MR. TOIV: I'd be happy to take that question.
Q Anything on the District, the call by Norton again yesterday and Kemp and Gingrich to provide the District a special tax rate?
MR. TOIV: Well, you're not changing the subject, are you, Paul?
Q To local issues.
MR. TOIV: The administration has been very concerned about the issues and problems in the District, and we have gone -- a number of federal agencies have gone out of their way to try and help with those specific problems. And that -- so this is an ongoing concern. We are looking at specific measures that can be taken to address the District's problems. We're not prepared to move forward on those at this point. But it is certainly --
Q -- tax proposals or the flat tax or something like that?
MR. TOIV: Well, as the Chief of Staff expressed last weekend, we don't think that that's the best approach. But, as he also said, we are willing to consider targeted approaches, and that's what's being looked at.
Q On another subject, Senator Moynihan said on the floor today, on the welfare reform bill, arguing against it, he said, "The current batch in the White House, now visibly assuring us that they were against this legislation all along, are simply lying, albeit they probably don't know when they are lying. They have only the flimsiest grasp of social reality, anything doable and equally undoable, as, for example, the horror of this legislation." Any comment on this blast at the White House?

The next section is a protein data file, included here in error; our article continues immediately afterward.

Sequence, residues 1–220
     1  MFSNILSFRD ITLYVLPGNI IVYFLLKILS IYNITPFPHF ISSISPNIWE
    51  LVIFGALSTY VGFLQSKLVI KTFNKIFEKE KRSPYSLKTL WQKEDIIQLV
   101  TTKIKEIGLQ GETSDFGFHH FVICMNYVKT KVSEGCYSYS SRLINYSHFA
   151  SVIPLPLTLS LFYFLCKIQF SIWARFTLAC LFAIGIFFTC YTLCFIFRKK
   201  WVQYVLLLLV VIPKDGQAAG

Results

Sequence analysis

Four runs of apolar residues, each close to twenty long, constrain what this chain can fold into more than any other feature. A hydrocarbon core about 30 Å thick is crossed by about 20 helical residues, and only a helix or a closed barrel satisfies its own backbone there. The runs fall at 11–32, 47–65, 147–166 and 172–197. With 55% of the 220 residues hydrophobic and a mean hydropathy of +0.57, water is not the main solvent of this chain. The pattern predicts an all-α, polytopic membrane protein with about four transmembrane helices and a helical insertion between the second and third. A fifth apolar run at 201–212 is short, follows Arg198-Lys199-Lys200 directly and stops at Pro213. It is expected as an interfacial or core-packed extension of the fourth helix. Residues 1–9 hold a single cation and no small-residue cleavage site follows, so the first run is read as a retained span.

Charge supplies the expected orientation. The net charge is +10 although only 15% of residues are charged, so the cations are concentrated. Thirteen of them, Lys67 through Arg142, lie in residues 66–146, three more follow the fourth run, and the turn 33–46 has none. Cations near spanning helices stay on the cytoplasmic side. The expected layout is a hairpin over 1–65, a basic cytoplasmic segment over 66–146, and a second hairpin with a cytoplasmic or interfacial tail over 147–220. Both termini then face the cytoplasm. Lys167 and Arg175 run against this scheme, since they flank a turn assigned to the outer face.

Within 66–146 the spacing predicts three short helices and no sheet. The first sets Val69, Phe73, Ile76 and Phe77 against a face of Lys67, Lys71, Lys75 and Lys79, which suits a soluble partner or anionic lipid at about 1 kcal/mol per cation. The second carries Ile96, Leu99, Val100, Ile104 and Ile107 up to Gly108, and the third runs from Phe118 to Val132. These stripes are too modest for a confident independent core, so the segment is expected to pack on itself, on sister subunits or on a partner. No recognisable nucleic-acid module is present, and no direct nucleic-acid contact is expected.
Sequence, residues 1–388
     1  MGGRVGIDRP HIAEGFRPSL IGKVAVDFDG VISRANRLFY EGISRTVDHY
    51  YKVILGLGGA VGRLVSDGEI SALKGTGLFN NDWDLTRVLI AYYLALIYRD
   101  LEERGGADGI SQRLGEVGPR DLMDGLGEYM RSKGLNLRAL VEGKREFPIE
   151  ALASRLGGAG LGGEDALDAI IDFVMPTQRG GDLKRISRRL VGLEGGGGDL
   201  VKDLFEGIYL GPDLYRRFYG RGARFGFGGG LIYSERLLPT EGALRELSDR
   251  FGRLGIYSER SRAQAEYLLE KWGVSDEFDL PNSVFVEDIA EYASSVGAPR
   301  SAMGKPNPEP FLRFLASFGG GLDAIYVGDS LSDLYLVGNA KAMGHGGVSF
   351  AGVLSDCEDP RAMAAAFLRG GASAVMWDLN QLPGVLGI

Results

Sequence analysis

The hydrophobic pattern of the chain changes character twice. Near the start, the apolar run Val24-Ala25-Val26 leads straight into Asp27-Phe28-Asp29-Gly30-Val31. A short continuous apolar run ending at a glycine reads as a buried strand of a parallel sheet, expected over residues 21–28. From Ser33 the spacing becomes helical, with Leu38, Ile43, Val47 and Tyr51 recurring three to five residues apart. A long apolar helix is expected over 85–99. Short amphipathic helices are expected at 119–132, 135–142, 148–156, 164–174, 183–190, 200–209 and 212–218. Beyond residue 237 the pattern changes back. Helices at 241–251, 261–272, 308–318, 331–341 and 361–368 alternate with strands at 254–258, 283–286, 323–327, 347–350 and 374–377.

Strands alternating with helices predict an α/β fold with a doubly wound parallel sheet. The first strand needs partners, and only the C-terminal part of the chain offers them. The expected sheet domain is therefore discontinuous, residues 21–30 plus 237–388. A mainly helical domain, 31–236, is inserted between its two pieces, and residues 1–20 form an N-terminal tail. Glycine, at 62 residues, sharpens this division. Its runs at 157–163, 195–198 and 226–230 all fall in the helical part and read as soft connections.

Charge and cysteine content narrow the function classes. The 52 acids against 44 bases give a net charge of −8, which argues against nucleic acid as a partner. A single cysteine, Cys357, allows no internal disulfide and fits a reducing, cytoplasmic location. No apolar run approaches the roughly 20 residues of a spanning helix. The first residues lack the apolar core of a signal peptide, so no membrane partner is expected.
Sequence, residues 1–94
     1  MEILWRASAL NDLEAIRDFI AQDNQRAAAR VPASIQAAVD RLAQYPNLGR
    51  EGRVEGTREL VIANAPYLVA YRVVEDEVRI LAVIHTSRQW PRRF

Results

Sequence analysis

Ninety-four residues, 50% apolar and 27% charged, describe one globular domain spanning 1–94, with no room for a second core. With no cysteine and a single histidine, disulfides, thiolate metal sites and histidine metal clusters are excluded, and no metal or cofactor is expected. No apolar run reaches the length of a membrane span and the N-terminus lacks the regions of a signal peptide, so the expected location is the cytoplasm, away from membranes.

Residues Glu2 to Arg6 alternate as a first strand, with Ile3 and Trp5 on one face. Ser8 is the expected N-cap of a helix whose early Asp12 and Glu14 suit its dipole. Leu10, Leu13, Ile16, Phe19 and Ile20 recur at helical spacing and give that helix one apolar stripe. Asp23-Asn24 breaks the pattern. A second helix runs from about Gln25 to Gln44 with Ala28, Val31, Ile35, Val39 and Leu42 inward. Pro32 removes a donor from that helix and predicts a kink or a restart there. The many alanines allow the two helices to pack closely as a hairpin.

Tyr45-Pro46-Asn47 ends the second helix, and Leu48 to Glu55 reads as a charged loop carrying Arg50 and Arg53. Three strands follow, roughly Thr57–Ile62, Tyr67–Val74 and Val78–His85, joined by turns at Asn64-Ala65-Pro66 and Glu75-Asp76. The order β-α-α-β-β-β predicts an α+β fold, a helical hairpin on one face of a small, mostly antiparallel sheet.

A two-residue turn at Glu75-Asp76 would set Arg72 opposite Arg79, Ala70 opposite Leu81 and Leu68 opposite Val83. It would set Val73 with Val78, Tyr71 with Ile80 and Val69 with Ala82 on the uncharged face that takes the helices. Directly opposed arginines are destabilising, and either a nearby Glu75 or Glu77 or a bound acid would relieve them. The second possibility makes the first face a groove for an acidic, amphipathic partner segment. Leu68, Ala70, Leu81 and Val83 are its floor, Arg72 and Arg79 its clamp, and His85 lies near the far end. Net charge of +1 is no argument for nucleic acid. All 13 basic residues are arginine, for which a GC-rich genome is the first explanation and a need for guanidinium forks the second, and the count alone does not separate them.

MR. TOIV: I think the President expressed his feelings yesterday about Senator Moynihan better than certainly I could. He respects his views a great deal; does not agree with him on this issue.
Q Barry, what's happening on the terrorism legislation talks?
MR. TOIV: The Chief of Staff was on the Hill earlier today. They're making very good progress on a legislative package that could be passed by the end of this week. I think you all have some of the elements of that package. The two issues that need to be worked on a little bit more and are being worked on right now by a smaller group have to do with taggants and roving wiretaps. The roving wiretap issue there is an effort to provide privacy protections but at the same time, in doing that, not to intimidate law enforcement into not being able to make use of the provision. And, so, that's something that's going on now.
On the taggant issue, there are some on the Hill who want to, as you know -- what they agreed to yesterday was a study, a separate study on taggants specifically for black powder and smokeless powder. There are some on the Hill who would like to go further in this legislation and move to the possibility of promulgating regulations to require the use of taggants in those substances.